An English Lady

An English Lady
The author has not yet completed their profile.


Amiens, January, 1793. Vanity, I believe, my dear brother, is not so innoxious a quality as we are desirous of supposing. As it is the most general of all human failings, so is it regarded with the most indulgence: a latent consciousness averts the censure of the weak; and the wise, who flatter themselves with being exempt from it, plead in its favour, by ranking it as a foible too light for serious... more...

Amiens, Jan. 23, 1795. Nothing proves more that the French republican government was originally founded on principles of despotism and injustice, than the weakness and anarchy which seem to accompany every deviation from these principles. It is strong to destroy and weak to protect: because, deriving its support from the power of the bad and the submission of the timid, it is deserted or opposed by the... more...

May 10, 1792. I am every day more confirmed in the opinion I communicated to you on my arrival, that the first ardour of the revolution is abated.—The bridal days are indeed past, and I think I perceive something like indifference approaching. Perhaps the French themselves are not sensible of this change; but I who have been absent two years, and have made as it were a sudden transition from... more...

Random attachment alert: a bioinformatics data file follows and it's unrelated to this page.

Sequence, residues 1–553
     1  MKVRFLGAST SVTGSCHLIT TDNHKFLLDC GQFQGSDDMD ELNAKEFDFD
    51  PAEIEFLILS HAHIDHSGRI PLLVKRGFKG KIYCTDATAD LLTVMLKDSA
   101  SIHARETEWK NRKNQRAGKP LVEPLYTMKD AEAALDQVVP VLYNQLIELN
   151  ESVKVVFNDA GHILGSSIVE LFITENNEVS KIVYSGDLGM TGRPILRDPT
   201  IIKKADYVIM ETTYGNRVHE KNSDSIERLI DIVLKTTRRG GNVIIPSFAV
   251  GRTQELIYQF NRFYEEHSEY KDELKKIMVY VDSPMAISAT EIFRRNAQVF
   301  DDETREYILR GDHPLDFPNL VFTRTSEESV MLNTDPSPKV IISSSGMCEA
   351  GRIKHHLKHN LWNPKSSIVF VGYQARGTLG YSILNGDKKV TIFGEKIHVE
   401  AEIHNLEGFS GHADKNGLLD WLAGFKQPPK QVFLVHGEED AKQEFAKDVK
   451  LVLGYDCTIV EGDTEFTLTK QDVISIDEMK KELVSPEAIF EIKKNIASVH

January 6, 1794. If I had undertaken to follow the French revolution through all its absurdities and iniquities, my indolence would long since have taken the alarm, and I should have relinquished a task become too difficult and too laborious. Events are now too numerous and too complicated to be described by occasional remarks; and a narrator of no more pretensions than myself may be allowed to shrink... more...

May 10, 1792. I am every day more confirmed in the opinion I communicated to you on my arrival, that the first ardour of the revolution is abated.—The bridal days are indeed past, and I think I perceive something like indifference approaching. Perhaps the French themselves are not sensible of this change; but I who have been absent two years, and have made as it were a sudden transition from... more...

LETTER I. CONTENTMENT. It is, perhaps, only the young who can be very hopefully addressed on the present subject. A few years hence, and your habits of mind will be unalterably formed; a few years hence, and your struggle against a discontented spirit, even should you be given grace to attempt it, would be a perpetually wearisome and discouraging one. The penalty of past sin will pursue you until the... more...